Tips for Solo Female Travel in Morocco

camping sahara desert morocco camel dunes
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When I told people I was going to be doing solo female travel in Morocco, many of them were worried. I’m happy to say while some parts were tough, I successfully made it through the country on my own.

I’m going to be completely honest though – it was the hardest trip I’ve ever taken alone. While I never felt in physical danger, it sometimes got mentally exhausting to navigate through the craziness. These are the tips I recommend for any female going alone to Morocco.

Helpful Tips for Solo Female Travel in Morocco

Here are the tips for traveling alone in Morocco as a female that greatly helped me out.

Know basic Arabic phrases

Most people will know French if they don’t know English, but I was in several parts where they only spoke Arabic.

Here are a few phrases to know:

  • Hello – Salam (pronounced “sa-lam”)
  • Thank you – Choukran (pronounced “sho-cran”)
  • No thank you – La choukran (pronounced “la sho-cran”)
  • Good – Mizen (pronounced “miz-e-n”)
  • How much – Shahal (pronounced “shaw-hall”)

Go in with a positive attitude

Traveling alone as a female Morocco can be intimidating, especially if it’s your first time. However, constantly thinking that something bad is going to happen is definitely not a good thing to do. Make sure to keep negative stereotypes out of your head because that will only hurt your experience during your Morocco itinerary.

It’s smart to try and stay safe when traveling in Morocco alone, for sure, but that doesn’t mean you should be wary of every single thing. Part of the country’s charm is its unique people, so try to keep a positive spin on things.

solo female travel chefchaouen

Join a tour

One of the best ways to explore a country when you’re traveling alone is to join a tour group. I took a tour when I went to the Sahara Desert, as driving out there alone was something I didn’t feel comfortable with. You could also join something smaller, such as a Marrakech food tour for a few hours to get a taste of the country.

Know some French

Not everyone will know English, but they will likely speak French. Brush up on your French before you go or download an app that has basic phrases on it. I once had to negotiate a taxi ride completely in French, so I was glad I reviewed it before my trip.

You can do something as easy as use Rosetta Stone before you go to learn basic phrases. This will help you a lot with your solo female travel in Morocco.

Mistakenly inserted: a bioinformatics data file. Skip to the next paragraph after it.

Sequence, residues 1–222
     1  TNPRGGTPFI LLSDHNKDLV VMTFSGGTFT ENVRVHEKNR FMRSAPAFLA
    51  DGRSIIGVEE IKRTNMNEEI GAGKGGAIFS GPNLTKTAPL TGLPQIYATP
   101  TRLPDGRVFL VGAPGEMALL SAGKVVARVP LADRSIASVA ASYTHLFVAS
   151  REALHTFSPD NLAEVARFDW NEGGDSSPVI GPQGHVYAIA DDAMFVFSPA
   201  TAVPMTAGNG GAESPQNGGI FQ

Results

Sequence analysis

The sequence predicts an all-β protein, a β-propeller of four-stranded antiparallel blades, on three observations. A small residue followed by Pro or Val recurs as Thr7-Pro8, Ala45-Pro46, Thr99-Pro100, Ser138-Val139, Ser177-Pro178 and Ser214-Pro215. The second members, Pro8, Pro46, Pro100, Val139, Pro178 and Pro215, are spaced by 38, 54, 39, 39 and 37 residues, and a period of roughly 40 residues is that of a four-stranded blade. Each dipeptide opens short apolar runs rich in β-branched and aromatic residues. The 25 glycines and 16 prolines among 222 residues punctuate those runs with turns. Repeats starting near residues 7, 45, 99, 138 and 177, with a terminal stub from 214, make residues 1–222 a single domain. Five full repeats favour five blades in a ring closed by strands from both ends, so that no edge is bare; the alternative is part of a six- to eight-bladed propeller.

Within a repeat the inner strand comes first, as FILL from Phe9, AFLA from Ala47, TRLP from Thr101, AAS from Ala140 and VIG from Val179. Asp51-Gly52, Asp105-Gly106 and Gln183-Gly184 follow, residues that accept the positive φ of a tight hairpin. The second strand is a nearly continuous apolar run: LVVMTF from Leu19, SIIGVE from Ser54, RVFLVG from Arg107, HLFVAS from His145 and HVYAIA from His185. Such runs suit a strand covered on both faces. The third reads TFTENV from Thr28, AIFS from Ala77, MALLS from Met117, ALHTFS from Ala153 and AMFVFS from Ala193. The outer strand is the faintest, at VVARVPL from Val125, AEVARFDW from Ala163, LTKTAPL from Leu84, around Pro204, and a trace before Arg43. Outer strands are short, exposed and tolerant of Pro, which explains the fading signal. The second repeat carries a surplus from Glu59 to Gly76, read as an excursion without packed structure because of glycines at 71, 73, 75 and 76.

Don’t expect to get help without paying

While many Moroccans are friendly and have good intentions, asking if you need directions to your hotel means they’re expecting you to pay them. If you know where you’re going, politely turn them down and keep walking. That said, there were several times I used this to my advantage.

I got insanely lost when trying to find my Air BnB late at night in the Blue City of Chefchaouen, so was more than happy to pay. For 10 dirhams, a young man carried my luggage, found the place, and even called the host and spoke to him in Arabic to tell him to come to get me.

Another time I had a good 15-minute walk after I checked out of my hotel with a very heavy bag, so again accepted the help of an older man for 10 dirhams to carry my bag all the way through the medina. When you do solo female travel in Morocco, it’s worth it to have help at times.

solo female travel morocco marrakech square

Look confident

I heard that solo females in Morocco constantly got hassled in Morocco and started to fear going. However, I found way fewer people talked to me when I looked at the map before I got on the street and walked confidently while looking straight ahead. Don’t look lost in public, and get off your phone!

Try to understand Muslim culture

Morocco is an Islamic country, and when you’re visiting it, you should have at least a basic understanding of Islam. That doesn’t mean that you should dress exactly like the locals or that you have to eat the same things or go to the mosques. It’s likely that you’d want to do those things, however.

Keep in mind that Islam is the second largest religion in the world, so respect everyone and keep an open mind. That goes for everyone that wants to do solo travel in Morocco, not just for the ladies.

Ignore merchants calling out to you

You’ll feel bad doing this initially, but it’ll save you many headaches. When you’re a solo female traveler in Morocco, you’ll get tons of men saying things like “Hello? Ca va? Excuse me?” when you walk by.

While there will be some that keep following you, most of the time they’ll stop calling out to you if you keep walking by without engaging.

solo female travel morocco store

Wear sunglasses

The easiest way to prevent merchants from seeing where you’re looking is by wearing sunglasses. The second they catch you staring at their goods, they’ll run over to try to get you to come in. You can check out what stores you might want to visit later without people seeing you.